UK: The Department for Transport has started preparations for the future of 10 English rail franchises with the publication of an OJEU Prior Information Notice on November 6 setting out its plans to directly award new public service contracts.
The PIN covers train operations that are not overseen by the devolved governments or regionally managed concessions. Also excluded are GWR, which has a long-term Emergency Measures Agreement running to June 2021 and a direct award contract until March 2023, and CrossCountry where a three-year direct award contract began on October 18; both of these include a possible one-year extension,
Owning groups are currently in discussions with DfT over the transition of the 10 affected businesses from the current Emergency Recovery Measures Agreements, with financial terms for termination of the existing franchise agreements due to be agreed by mid-December.
Staggered transfers envisaged
The PIN sets out a timetable for the proposed direct award contracts, which vary in length to allow a staggered transfer to new concession agreements in line with the Williams Review proposals. Each contract would include an optional extension at the discretion of the Secretary of State for Transport, meaning that the proposed durations could range from 18 months to six years.
In each case the PIN includes a warning that ‘the contracting authority reserves the right not to proceed with the direct award as envisaged or to use an alternative method to procure an operator for the contract’. It adds that ‘certain termination arrangements in respect of the extant franchise agreement’ must be completed by December 14 2020. ‘If those arrangements are not completed by that date, the Secretary of State may terminate the ERMA. If the ERMA is terminated, the variations to the franchise agreement will fall away and the parties will revert to the underlying terms of the franchise agreement. In those circumstances, it is currently anticipated that the direct award as envisaged in this notice will not be made.’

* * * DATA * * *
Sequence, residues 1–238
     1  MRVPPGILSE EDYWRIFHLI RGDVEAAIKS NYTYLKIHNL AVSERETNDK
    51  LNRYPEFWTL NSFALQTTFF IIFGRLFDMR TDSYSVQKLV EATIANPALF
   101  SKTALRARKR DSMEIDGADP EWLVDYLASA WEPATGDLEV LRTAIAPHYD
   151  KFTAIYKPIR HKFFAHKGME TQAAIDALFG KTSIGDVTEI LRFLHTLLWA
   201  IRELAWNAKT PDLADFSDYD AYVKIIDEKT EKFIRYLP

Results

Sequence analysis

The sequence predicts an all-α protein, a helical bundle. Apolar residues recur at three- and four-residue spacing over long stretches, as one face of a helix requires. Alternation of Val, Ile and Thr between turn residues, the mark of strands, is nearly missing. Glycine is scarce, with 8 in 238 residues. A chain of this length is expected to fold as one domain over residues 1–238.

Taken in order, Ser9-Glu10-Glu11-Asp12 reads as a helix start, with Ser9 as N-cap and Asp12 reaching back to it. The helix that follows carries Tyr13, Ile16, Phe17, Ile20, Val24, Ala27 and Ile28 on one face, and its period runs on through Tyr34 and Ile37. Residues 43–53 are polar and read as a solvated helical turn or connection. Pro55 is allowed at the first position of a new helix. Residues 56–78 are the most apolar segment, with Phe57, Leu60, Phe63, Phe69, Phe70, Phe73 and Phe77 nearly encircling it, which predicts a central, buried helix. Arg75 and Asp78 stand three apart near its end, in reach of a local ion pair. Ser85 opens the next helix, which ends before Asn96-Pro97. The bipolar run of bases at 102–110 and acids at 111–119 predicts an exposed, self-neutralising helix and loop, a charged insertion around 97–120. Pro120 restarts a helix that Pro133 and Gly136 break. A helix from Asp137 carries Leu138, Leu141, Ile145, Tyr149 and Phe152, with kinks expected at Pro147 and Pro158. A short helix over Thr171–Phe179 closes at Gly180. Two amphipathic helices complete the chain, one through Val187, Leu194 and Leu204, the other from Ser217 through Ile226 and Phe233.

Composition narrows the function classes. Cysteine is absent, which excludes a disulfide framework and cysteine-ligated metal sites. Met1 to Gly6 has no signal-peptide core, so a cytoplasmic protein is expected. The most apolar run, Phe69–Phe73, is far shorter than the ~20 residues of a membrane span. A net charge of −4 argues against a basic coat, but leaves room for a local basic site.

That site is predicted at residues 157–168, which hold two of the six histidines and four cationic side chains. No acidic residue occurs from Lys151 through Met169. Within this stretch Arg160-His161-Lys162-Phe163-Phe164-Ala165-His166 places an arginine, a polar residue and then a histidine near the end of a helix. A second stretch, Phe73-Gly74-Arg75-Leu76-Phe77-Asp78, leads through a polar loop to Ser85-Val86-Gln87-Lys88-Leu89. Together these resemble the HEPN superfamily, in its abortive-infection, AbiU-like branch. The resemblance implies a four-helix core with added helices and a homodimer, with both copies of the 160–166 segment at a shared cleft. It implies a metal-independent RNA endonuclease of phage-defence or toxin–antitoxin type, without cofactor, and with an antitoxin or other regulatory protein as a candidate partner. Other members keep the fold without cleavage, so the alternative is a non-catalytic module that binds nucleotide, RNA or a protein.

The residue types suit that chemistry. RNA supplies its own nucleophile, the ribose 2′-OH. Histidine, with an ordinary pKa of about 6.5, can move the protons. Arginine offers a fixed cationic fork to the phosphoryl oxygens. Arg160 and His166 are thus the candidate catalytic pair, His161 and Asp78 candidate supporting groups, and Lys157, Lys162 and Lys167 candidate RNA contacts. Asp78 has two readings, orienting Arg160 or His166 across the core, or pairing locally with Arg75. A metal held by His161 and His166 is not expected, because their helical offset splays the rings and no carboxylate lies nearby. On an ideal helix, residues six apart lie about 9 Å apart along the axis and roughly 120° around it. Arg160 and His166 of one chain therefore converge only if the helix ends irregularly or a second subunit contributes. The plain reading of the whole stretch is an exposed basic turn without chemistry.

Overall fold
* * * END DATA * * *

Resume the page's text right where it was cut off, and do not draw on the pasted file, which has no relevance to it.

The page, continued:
Reversion to the previous franchise agreement poses a risk of financial collapse for lack or ridership during the pandemic, which result in the business(es) transferring to DfT’s Operator of Last Resort.
Industry insiders note that those operators previously thought to be most at risk have the earliest start dates and the shortest duration, whilst those thought to be giving DfT less concern are to be let on more generous timescales. However, there is also provision for the envisaged start dates to be deferred, which could allow the ERMAs to be extended if the Covid-19 restrictions continue for longer than anticipated.
The Chiltern franchise was the only long-term contract let by the Strategic Rail Authority and as such does not match the standard template that applies to the other nine businesses. The current franchise agreement is due to end on December 31 2021, which is the proposed start date for the new direct award. An OJEU notice would normally have been issued in May to initiate the replacement process, and its non-appearance is another indication that DfT has no plans to re-let the Chiltern franchise at present, underlining recent ministerial comments that ‘franchising is over’.
|Franchise||Direct award start date||Maximum duration||Core period*||Optional extension|
|TransPennine Express||01/04/21||48 months||2 years||Up to 2 years|
|South Western Railway||01/04/21||48 months||2 years||Up to 2 years|
|Essex Thameside (c2c)||01/04/21||48 months||2 years||Up to 2 years|
|West Midlands Trains||19/09/21||60 months||3 years||Up to 2 years|
|Greater Anglia||19/09/21||60 months||3 years||Up to 2 years|
|Thameslink, Southern & Great Northern||19/09/21||72 months||2 years||Up to 4 years|
|Southeastern||17/10/21||72 months||2 years||Up to 4 years|
|Chiltern||31/12/21||72 months||18 months||Up to 4·5 years|
|East Midlands Railway||01/04/22||72 months||4 years||Up to 2 years|
|West Coast Partnership||01/04/22||72 months||4 years||Up to 2 years|
|* In each case the Prior Information Notice indicates that the length of the core period is ‘likely’ and that the extension length represents ‘an optional additional period or periods exercisable at the sole discretion of the contracting authority’.|